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Original Contribution
December 28, 2005

Dietary Intake of Antioxidants and Risk of Age-Related Macular Degeneration

Author Affiliations

Author Affiliations: Departments of Epidemiology and Biostatistics (Drs van Leeuwen, Boekhoorn, Vingerling, Witteman, Klaver, Hofman, and de Jong) and Ophthalmology (Drs van Leeuwen, Vingerling, and Klaver), Erasmus Medical Centre, Rotterdam, the Netherlands; Netherlands Ophthalmic Research Institute, Royal Netherlands Academy of Arts and Sciences (KNAW) (Drs Klaver and de Jong), and Department of Ophthalmology, Academic Medical Centre (Dr de Jong), Amsterdam, the Netherlands.

JAMA. 2005;294(24):3101-3107. doi:10.1001/jama.294.24.3101

Context Age-related macular degeneration (AMD) is the most prevalent cause of irreversible blindness in developed countries. Recently, high-dose supplementation with beta carotene, vitamins C and E, and zinc was shown to slow the progression of AMD.

Objective To investigate whether regular dietary intake of antioxidants is associated with a lower risk of incident AMD.

Design Dietary intake was assessed at baseline in the Rotterdam Study (1990-1993) using a semiquantitative food frequency questionnaire. Incident AMD until final follow-up in 2004 was determined by grading fundus color transparencies in a masked way according to the International Classification and Grading System.

Setting Population-based cohort of all inhabitants aged 55 years or older in a middle-class suburb of Rotterdam, the Netherlands.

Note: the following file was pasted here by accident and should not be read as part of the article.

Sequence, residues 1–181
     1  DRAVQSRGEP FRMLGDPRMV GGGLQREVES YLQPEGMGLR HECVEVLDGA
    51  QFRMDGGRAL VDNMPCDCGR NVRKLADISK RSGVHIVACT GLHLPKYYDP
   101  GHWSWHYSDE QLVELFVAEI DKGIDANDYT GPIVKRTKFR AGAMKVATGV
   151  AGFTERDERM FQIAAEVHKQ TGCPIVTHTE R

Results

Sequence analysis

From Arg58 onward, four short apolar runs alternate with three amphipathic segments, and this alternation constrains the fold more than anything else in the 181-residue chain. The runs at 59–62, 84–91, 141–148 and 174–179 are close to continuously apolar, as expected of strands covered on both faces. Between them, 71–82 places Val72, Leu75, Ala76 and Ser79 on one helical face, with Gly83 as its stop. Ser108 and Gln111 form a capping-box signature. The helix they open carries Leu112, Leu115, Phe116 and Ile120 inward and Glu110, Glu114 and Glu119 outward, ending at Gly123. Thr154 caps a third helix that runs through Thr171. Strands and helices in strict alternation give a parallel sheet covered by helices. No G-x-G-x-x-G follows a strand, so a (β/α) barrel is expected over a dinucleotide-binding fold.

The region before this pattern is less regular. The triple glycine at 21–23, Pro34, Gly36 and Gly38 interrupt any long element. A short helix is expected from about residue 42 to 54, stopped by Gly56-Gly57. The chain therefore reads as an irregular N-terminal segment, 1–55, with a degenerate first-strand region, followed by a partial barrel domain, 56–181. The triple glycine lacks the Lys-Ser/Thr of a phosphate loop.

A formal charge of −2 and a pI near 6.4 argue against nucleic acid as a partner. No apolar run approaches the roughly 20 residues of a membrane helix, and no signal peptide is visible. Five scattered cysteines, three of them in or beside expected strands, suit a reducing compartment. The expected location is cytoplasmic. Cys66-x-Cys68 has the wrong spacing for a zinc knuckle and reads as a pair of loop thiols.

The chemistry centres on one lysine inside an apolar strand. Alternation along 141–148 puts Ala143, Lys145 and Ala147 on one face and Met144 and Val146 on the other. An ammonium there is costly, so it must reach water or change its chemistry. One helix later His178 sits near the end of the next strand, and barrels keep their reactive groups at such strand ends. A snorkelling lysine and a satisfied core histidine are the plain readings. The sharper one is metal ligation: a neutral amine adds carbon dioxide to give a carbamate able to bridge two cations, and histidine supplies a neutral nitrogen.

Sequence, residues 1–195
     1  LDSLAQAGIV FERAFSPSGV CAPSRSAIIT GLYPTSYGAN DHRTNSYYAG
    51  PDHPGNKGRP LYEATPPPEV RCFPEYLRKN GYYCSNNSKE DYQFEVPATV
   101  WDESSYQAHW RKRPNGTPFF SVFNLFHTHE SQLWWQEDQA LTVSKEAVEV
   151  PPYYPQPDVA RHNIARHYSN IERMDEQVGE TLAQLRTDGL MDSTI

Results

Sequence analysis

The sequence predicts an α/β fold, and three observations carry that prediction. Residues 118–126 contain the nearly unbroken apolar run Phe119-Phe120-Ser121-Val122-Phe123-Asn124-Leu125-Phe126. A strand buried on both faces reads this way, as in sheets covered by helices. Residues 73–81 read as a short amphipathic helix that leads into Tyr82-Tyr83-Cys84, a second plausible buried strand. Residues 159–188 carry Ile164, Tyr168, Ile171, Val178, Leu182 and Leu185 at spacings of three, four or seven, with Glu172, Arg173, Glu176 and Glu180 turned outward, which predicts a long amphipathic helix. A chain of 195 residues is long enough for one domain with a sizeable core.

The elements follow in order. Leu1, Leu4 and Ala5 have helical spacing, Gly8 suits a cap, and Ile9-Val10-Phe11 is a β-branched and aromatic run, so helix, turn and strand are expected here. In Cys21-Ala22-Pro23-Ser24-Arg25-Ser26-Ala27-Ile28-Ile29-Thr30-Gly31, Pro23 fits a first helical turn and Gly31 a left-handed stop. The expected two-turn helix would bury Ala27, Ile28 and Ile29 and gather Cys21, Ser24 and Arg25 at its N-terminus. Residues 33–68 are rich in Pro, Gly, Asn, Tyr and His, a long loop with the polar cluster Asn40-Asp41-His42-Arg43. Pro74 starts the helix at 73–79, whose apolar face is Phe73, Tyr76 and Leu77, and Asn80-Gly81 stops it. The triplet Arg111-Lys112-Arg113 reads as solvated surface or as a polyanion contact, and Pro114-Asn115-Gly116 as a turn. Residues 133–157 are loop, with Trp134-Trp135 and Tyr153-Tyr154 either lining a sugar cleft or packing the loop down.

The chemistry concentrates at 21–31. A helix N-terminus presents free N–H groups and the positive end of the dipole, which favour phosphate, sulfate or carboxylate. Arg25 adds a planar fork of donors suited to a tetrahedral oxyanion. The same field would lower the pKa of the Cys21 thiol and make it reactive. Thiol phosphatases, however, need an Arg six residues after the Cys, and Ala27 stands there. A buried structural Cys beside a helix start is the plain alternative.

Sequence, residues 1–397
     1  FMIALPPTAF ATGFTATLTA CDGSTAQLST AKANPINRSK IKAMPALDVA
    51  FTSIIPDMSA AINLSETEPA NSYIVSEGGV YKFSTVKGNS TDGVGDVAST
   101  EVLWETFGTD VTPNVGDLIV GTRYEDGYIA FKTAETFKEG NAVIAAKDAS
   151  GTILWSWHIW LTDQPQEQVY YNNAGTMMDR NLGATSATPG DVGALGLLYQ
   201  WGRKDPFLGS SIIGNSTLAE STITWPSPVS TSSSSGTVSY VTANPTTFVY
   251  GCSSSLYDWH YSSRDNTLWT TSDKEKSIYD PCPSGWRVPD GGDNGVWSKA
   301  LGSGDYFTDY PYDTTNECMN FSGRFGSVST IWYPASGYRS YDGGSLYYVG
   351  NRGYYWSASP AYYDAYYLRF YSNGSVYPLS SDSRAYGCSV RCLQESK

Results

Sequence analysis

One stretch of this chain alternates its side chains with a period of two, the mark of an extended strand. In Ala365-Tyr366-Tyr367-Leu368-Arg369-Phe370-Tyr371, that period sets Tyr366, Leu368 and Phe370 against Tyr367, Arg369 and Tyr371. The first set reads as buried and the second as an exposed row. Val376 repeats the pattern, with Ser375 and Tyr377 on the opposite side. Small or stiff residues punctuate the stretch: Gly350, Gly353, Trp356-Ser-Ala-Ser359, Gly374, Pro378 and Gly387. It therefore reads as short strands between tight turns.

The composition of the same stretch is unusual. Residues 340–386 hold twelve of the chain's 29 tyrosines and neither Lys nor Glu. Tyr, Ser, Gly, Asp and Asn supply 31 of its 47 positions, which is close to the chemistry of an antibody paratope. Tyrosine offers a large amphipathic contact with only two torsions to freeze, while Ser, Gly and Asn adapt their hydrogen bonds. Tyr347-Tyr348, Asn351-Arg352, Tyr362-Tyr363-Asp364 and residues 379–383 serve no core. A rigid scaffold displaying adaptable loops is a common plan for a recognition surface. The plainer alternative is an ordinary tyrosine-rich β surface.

Participants Of 5836 persons at risk of AMD at baseline, 4765 had reliable dietary data and 4170 participated in the follow-up.

Main Outcome Measure Incident AMD, defined as soft distinct drusen with pigment alterations, indistinct or reticular drusen, geographic atrophy, or choroidal neovascularization.

Results Incident AMD occurred in 560 participants after a mean follow-up of 8.0 years (range, 0.3-13.9 years). Dietary intake of both vitamin E and zinc was inversely associated with incident AMD. The hazard ratio (HR) per standard deviation increase of intake for vitamin E was 0.92 (95% confidence interval [CI], 0.84-1.00) and for zinc was 0.91 (95% CI, 0.83-0.98). An above-median intake of all 4 nutrients, beta carotene, vitamin C, vitamin E, and zinc, was associated with a 35% reduced risk (HR, 0.65; 95% CI, 0.46-0.92) of AMD. Exclusion of supplement users did not affect the results.

Conclusion In this study, a high dietary intake of beta carotene, vitamins C and E, and zinc was associated with a substantially reduced risk of AMD in elderly persons.